About Byzantine Museum
The Byzantine Museum in Athens contains over 25,000 artefacts of national importance and is a popular attraction for visitors to the Greek capital. The museum’s vast collection covers the Early Christian, Byzantine, Medieval and post-Byzantine eras, including religious artefacts, stunning iconography, sculpture, textiles, paintings, manuscripts and more.
The museum is divided in 5 main sections: from the ancient world to Byzantium; the Byzantine world; intellectual and artistic activity in the 15th century; from Byzantium to the modern era; Byzantium and modern art.
Byzantine Museum history
Founded in 1914, the Byzantine and Christian Museum as the organisation was originally known, was connected to the Christian Archaeological Society, founded in 1884 by then Queen Olga’s secretary, George Lampakis. The museum was headed by Prince Nicholas and Professor Adamantios Adamantios, with a collection of works from the monuments of Attica and Thissio.
Originally held in the National Archaeological Museum, in 1930, the museum was finally housed within the Villa Illisia – one of Athens’ few remaining 19th century buildings. The Villa Illisia had been completed in 1848 by architect Stamatis Kleathis, and it functioned as the winter home of French Sophie de Marbois-Lebrun, Duchess of Plaisance.
The villa was a complex of buildings with a large courtyard, the facade covered with marble and combining the Neoclassical styles with element of the Romantic and traditional Greek architecture. While the museum and its collections were held in the villa, they were later transferred to a subterranean multi-level building designed by Greek architect, Manos Perrakis. The intention was that the central Villa Illisia would be restored and house temporary exhibitions.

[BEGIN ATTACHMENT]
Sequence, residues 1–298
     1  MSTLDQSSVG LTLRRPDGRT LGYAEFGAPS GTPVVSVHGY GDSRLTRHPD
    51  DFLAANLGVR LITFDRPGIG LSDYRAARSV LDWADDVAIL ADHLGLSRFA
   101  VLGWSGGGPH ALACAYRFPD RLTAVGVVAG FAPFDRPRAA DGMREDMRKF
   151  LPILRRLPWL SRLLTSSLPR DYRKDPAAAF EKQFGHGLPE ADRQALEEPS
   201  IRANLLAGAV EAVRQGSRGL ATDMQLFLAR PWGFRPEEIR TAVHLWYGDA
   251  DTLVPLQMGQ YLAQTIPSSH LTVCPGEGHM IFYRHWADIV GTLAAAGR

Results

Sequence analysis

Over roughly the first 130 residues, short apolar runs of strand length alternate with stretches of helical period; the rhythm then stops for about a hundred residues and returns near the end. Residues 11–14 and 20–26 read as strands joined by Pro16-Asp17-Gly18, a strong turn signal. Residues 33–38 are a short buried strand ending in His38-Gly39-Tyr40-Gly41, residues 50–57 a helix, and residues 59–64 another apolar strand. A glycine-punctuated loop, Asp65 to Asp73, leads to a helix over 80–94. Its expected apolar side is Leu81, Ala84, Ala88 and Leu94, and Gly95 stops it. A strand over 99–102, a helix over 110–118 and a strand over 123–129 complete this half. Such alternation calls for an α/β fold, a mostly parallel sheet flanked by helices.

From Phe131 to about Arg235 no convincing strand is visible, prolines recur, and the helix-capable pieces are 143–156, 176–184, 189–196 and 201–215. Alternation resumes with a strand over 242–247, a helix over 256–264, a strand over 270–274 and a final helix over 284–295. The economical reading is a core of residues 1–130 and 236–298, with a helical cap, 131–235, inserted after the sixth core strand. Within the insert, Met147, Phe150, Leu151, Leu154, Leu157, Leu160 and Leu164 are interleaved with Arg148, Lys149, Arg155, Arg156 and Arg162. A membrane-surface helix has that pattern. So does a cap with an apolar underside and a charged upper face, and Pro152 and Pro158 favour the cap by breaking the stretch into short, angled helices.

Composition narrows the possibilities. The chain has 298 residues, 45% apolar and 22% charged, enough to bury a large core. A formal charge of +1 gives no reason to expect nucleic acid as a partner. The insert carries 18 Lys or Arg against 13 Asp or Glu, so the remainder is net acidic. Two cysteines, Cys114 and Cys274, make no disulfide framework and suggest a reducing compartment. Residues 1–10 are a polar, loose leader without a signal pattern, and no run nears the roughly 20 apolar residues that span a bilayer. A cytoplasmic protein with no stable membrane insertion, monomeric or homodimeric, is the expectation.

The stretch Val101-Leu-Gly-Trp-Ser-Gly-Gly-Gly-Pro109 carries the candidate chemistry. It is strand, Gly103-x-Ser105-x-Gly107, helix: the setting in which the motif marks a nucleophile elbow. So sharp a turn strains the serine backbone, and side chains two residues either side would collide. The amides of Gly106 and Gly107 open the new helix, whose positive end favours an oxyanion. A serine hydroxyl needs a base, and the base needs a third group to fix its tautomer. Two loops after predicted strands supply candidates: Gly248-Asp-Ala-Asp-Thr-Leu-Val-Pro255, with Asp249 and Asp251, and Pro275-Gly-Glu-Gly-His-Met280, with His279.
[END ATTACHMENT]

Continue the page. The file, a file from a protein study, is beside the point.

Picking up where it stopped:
In 2004, coinciding with the Athens Olympics, the museum reopened to the public after extensive renovations including a whole new wing.
Byzantine Museum today
Today, visitors can explore the museum’s collections of manuscript copies, sculptures, ceramics, crafts, paintings (including modern and contemporary arts), fabrics and carvings, all tracing back to Greece’s early Christian, Byzantine and medieval periods. The beautiful building itself can be admired from the museum’s gardens.
To make viewing this immense collection easier, you can follow the thematic routes that provide you with a narrative of the objects you view, explaining how they relate to one another. The themes include: ‘the road of water’, women, strange objects, ‘walking to the hereafter’ and gold. Tickets cost 8€ although considerable concessions are available.
Getting to the Byzantine Museum
Situated on the Vassilissis Sofias Avenue 22, the easiest way to reach the museum is via public transport. Get the metro to stop Evangelismos on Line 3, a minute walk down the road to the right. From this stop you can also get buses 220, 221, 224, 235, 608, 662, 815, A5, E14 or X14.
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